Mass protests against Thailand government | Asia| An in-depth look at news from across the continent | DW | 26.11.2013
  1. Inhalt
  2. Navigation
  3. Weitere Inhalte
  4. Metanavigation
  5. Suche
  6. Choose from 30 Languages


Mass protests against Thailand government

Thousands of protestors have taken to the streets in Bangkok. Although their initial aim was to overturn a disputed amnesty law, they have now shifted to the wider goal of toppling what they call the 'Thaksin regime.'

They wave the Thai national flag and blow whistles: With a deafening noise, protesters shout slogans against the government of Prime Minister Yingluck Shinawatra on the streets of Bangkok. Meanwhile, demonstrators have also occupied parts of the finance and foreign ministry buildings. Earlier, the leader of the protests, Suthep Thaugsuban, had announced the demonstrators would seize all government buildings, if PM Yingluck failed to resign.

Yingluck is the sister of former Premier Thaksin Shinawatra, who was ousted in a 2006 coup and has been living in exile since then. Thaksin is still regarded as one of Thailand's most controversial politicians.

Emergency in Bangkok

Yingluck reacted swiftly, invoking the emergency law known as “Internal Security Act,” which now covers not only the capital Bangkok, but also some surrounding provinces. Moreover, a Thai court issued on November 26 an arrest warrant for protest leader Thaugsuban.

24.November 2013, Makkawan Bridge, Bangkok, Thailand - Police barrier of concrete blocks against student protest camps (Photo: DW)

Thai government invokes the emergency law covering Bangkok as well as some surrounding provinces

However, no one at present believes the protests will end: "The whole Shinawatra clan ‘should run away,' shouted the ultra- conservative, nationalist protesters on the streets ignoring the fact that both Yingluck and her brother were democratically elected. Nevertheless, protesters argue that a voting system based on Western concept of democracy does not suit Thailand. Alluding to billionaire and former Prime Minister Thaksin, the protesters criticize that only the wealthiest candidates can secure the majority of votes.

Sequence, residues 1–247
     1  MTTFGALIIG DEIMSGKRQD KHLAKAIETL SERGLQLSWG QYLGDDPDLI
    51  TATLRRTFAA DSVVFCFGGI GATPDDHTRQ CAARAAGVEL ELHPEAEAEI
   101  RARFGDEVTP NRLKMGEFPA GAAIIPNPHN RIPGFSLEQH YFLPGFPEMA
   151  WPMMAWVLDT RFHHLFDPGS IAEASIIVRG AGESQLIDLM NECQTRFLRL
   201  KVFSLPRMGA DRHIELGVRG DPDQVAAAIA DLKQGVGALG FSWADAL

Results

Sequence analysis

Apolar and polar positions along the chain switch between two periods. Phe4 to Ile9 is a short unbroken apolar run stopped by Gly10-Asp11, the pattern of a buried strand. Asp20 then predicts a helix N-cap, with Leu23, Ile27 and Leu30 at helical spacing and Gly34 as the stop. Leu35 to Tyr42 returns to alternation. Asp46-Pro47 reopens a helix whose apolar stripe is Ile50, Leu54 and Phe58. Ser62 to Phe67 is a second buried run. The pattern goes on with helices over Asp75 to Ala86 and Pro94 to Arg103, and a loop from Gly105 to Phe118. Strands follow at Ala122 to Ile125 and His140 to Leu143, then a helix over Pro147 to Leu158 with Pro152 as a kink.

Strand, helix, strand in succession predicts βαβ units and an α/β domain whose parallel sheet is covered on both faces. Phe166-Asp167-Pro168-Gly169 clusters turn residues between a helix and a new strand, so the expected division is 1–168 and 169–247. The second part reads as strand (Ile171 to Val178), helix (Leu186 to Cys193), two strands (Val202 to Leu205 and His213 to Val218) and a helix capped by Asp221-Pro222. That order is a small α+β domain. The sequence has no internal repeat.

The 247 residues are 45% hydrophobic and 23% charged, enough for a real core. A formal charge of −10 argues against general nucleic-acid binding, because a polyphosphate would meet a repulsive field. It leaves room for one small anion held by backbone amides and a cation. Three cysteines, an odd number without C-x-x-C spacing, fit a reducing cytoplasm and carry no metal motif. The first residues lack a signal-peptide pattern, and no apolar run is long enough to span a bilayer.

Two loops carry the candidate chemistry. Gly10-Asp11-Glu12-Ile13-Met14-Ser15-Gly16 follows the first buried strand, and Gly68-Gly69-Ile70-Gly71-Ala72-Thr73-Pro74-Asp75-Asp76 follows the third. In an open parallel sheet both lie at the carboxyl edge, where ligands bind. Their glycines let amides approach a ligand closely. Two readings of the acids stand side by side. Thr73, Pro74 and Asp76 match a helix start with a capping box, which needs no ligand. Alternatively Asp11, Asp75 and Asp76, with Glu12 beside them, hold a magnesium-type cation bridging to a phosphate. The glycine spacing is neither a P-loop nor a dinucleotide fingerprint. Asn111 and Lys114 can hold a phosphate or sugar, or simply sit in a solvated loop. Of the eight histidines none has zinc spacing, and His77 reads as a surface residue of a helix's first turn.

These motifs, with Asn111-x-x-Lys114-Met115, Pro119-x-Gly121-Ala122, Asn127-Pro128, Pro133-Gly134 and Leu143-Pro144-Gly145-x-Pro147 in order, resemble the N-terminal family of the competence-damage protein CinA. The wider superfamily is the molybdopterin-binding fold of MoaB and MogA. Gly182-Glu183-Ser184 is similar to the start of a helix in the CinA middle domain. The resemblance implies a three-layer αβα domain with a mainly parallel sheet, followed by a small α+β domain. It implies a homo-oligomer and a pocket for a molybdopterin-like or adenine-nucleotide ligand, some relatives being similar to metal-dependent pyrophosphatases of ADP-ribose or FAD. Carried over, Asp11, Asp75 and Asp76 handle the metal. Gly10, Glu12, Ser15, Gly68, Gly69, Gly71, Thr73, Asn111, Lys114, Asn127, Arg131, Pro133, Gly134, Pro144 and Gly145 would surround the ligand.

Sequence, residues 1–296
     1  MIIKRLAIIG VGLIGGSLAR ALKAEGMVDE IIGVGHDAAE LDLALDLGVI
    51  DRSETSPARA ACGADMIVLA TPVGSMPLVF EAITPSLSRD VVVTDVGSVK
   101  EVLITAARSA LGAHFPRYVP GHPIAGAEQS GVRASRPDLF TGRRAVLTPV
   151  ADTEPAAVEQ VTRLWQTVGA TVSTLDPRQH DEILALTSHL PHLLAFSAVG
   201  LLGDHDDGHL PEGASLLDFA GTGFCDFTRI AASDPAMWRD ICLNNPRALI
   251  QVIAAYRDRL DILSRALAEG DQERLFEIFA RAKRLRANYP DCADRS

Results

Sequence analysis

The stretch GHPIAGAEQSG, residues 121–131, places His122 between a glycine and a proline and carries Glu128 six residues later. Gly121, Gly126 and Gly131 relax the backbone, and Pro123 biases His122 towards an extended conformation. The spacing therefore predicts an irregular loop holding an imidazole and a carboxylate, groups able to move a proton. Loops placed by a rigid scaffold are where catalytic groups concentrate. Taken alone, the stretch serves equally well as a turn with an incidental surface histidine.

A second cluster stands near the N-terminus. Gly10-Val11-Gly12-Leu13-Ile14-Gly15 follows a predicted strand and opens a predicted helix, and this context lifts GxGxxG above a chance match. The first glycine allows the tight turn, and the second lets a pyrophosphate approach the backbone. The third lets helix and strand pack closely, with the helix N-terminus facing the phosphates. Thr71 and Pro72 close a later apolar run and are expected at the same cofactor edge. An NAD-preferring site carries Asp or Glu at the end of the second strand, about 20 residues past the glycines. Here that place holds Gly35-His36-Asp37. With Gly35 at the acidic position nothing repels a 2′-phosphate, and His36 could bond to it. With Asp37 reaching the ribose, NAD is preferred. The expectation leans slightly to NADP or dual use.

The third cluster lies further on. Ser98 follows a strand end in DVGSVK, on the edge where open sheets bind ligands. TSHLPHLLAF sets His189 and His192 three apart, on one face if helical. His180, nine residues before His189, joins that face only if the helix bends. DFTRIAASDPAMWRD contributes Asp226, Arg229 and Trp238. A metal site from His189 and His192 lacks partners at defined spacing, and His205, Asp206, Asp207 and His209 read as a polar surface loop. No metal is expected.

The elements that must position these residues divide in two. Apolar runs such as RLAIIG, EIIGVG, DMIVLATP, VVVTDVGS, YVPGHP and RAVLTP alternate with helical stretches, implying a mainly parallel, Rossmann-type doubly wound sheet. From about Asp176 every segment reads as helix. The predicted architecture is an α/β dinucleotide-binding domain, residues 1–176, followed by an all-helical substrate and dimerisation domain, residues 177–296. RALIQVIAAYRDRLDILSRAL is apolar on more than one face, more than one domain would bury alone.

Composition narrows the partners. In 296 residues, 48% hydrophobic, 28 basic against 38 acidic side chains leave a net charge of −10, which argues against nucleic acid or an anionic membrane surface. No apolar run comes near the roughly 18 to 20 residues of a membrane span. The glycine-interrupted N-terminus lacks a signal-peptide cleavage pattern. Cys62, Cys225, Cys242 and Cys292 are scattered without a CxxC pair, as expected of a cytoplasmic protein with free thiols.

General amnesty for all?

On November 1, the Lower House of the Thai parliament passed a general amnesty bill. The original draft was only intended to pardon those convicted for minor offenses. But this was later modified so that the amnesty would also extend to, among others, the military commanders blamed for the bloody crackdown on mass demonstrations in 2010.

This would have meant that both former prime minister and current leader of opposition Abhisit Vejjajiva, along with his then deputy Suthep Thaugsuban, would have escaped prosecution, despite accusations of ordering to shoot at the overwhelmingly pro-Thaksin demonstrators during the mass protests in 2010. Even senior military officials would have been pardoned.

At the same time, the general amnesty would have also allowed former PM Thaksin to return legally to Thailand, despite him being sentenced to a prison term for abuse of office and his party being banned in the Southeast Asian country. Since his ouster from power in a military coup, Thaksin has been living abroad in self-exile.

'Vicious circle of violence'

Leading members of Thailand's opposition and army reject the amnesty for themselves. Four members of the ruling Pheu Thai Party (For Thais Party), including former leaders of the "Red Shirt" movement, said that a general amnesty would not be acceptable for the party base and thus abstained from voting.

There was unrest among many of the "red shirts," who helped Yingluck win a surprising victory in the July 2011 elections. They want ousted Premier Thaksin to return, but not at all costs. Those responsible for the violent political protests of 2010, in which some 100 people were killed, should be put on trial.

The families of the dead are also very critical: "If the responsible politicians and army members are left untouched, Thailand will never be able to break out of this vicious circle of violence," criticized Phayao Akkahad, the mother of a murdered nurse.

epa03182189 Former Thai Prime Minister Thaksin Shinawatra, talks to his Thai supporters at a hotel in Siem Reap, Cambodia, 14 April 2012. (Photo: EPA)

Since his ouster from power in a military coup, Thaksin has been living abroad in self-exile

So the general amnesty, initially designed by the government as a means for reconciliation, has ended up re-igniting the political conflict in Thailand.

Although the Senate - the Upper House of the National Assembly - has already rejected the bill and the government has distanced itself from it, these damage control measures have come too late. Opponents of the government have made it clear that their struggle is no longer about the amnesty law, but about "wiping out the Thaksin regime."

Audios and videos on the topic